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Beautiful tables for linear model summaries #rstats. In this blog post I’d like to show some (old and) new features of the sjt.lm function from my sjPlot-package.

Beautiful tables for linear model summaries #rstats

These functions are currently only implemented in the development snapshot on GitHub. A package update is planned to be submitted soon to CRAN. There are two new major features I added to this function: Comparing models with different predictors (e.g. stepwise regression) and automatic grouping of categorical predictors. There are examples below that demonstrate these features. The sjt.lm function prints results and summaries of linear models as HTML-table. Please note: The following tables may look a bit cluttered – this is because I just pasted the HTML-code created by knitr into this blog post, so style sheets may interfere. All following tables can be reproduced with the sjPlot package and the sample data set from this package. Linear model summaries as HTML table Before starting, sample data is loaded and sample models are fitted: SjPlot package and related online manuals updated #rstats # ggplot. My sjPlot package for data visualization has just been updated on CRAN.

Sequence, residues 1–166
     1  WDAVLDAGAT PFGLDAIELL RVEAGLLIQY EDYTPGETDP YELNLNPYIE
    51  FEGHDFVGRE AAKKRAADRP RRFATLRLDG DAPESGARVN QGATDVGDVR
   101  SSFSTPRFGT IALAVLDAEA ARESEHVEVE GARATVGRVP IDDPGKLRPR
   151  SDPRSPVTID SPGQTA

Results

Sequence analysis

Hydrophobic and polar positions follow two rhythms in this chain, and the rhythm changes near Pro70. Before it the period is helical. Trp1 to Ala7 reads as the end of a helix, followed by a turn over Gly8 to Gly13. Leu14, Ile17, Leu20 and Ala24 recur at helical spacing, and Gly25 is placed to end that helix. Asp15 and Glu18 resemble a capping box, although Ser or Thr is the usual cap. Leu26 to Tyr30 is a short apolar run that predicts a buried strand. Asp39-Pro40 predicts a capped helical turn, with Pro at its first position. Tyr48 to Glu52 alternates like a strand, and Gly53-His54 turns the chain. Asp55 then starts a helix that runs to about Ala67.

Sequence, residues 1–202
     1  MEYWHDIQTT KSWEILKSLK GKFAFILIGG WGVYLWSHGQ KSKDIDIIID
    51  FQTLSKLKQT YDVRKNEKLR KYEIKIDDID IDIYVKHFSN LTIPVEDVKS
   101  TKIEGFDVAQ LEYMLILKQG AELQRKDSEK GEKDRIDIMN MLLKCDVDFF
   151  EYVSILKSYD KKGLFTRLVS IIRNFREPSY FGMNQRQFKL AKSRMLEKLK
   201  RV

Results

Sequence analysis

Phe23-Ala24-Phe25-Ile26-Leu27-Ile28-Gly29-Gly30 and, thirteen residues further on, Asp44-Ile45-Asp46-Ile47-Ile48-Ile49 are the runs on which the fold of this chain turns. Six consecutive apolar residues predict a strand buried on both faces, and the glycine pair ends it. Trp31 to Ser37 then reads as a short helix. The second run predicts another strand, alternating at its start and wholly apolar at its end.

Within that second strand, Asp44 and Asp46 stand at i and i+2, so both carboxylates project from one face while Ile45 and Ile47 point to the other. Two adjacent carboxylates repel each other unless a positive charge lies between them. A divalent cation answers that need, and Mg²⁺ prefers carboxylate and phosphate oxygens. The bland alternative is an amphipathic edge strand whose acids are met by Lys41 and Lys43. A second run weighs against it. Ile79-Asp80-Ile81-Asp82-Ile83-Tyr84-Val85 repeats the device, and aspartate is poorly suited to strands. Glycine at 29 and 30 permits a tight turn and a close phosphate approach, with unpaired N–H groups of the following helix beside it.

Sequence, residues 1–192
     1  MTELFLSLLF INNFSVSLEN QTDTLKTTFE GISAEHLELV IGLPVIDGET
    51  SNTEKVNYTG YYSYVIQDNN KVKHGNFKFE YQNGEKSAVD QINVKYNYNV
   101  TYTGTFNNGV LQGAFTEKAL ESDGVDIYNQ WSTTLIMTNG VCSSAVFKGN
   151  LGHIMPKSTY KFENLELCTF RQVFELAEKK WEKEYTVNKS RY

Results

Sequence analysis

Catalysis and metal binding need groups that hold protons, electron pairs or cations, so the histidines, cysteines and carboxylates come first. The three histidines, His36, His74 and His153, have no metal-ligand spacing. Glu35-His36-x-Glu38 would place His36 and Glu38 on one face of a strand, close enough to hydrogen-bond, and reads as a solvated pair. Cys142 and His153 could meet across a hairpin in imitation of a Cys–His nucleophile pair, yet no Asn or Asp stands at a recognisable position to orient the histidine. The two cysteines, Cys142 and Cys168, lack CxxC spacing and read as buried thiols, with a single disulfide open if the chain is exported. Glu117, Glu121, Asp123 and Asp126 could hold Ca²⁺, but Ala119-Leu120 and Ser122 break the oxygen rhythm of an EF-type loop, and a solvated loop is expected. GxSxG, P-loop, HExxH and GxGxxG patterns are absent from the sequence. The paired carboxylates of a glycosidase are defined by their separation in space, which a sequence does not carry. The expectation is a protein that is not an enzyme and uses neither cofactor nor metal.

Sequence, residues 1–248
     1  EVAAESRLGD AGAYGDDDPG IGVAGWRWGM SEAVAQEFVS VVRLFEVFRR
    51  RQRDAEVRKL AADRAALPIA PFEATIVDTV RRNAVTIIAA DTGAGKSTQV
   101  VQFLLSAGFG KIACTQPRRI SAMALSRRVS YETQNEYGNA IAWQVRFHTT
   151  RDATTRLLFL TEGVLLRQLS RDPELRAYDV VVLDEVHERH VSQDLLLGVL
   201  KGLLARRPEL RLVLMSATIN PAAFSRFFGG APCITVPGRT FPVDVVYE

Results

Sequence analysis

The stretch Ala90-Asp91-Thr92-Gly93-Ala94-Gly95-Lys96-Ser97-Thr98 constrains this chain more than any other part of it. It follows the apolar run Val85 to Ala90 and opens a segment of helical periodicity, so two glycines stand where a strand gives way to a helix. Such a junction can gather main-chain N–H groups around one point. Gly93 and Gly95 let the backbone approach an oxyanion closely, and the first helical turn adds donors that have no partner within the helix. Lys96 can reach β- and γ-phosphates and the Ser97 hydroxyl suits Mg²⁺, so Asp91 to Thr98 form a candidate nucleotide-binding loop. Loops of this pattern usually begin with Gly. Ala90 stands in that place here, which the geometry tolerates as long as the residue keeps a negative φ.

sjPlot package and related online manuals updated #rstats # ggplot

I’ve added some features to existing function, which I want to introduce here. Plotting linear models So far, plotting model assumptions of linear models or plotting slopes for each estimate of linear models were spread over several functions. Now, these plot types have been integrated into the sjp.lm function, where you can select the plot type with the type parameter. SjPlot: New options for creating beautiful tables, documentation on #RPubs #rstats. SjPlot 1.3 available #rstats #sjPlot. I just submitted my package update (version 1.3) to CRAN.

sjPlot 1.3 available #rstats #sjPlot

The download is already available (currently source, binaries follow). While the last two updates included new functions for table outputs (see here and here for details on these functions), the current update mostly provides small helper functions. The focus of this update was to improve existing functions and make their handling easier and more comfortable. Automatic label detection One major feature is that many functions now automatically detect variables and value labels, if possible. But what are the exactly the benefits of this new feature?

Since version 1.3, you only need to write: Reliability check for index scores One new table output function included in this update is sjt.itemanalysis, which helps performing an item analysis on a scale or data frame if you want to develop index scores. The output of the computed PCA was suppressed by no.output=TRUE. The latest developer build can be found on github. Beautiful table outputs in R, part 2 #rstats #sjPlot. First of all, I’d like to thank my readers for the lots of feedback on my last post on beautiful outputs in R.

Beautiful table outputs in R, part 2 #rstats #sjPlot